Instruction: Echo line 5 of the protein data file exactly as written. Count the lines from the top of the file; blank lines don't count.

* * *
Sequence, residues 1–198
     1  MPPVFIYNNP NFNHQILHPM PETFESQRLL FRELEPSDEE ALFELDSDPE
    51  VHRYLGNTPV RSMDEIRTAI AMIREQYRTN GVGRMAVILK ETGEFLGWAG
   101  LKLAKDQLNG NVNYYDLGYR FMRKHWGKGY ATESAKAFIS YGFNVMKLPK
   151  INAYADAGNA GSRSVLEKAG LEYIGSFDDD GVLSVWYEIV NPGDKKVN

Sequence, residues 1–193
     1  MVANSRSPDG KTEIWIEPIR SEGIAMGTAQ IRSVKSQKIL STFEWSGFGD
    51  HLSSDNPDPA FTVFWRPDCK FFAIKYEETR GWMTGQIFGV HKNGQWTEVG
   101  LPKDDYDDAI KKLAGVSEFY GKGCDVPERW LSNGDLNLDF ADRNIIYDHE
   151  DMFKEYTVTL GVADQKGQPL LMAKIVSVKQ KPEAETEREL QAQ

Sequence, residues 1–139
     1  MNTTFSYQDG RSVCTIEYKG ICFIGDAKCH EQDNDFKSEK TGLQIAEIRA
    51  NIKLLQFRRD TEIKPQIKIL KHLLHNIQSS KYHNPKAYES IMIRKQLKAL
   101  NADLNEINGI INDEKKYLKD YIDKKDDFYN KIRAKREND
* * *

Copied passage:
   151  INAYADAGNA GSRSVLEKAG LEYIGSFDDD GVLSVWYEIV NPGDKKVN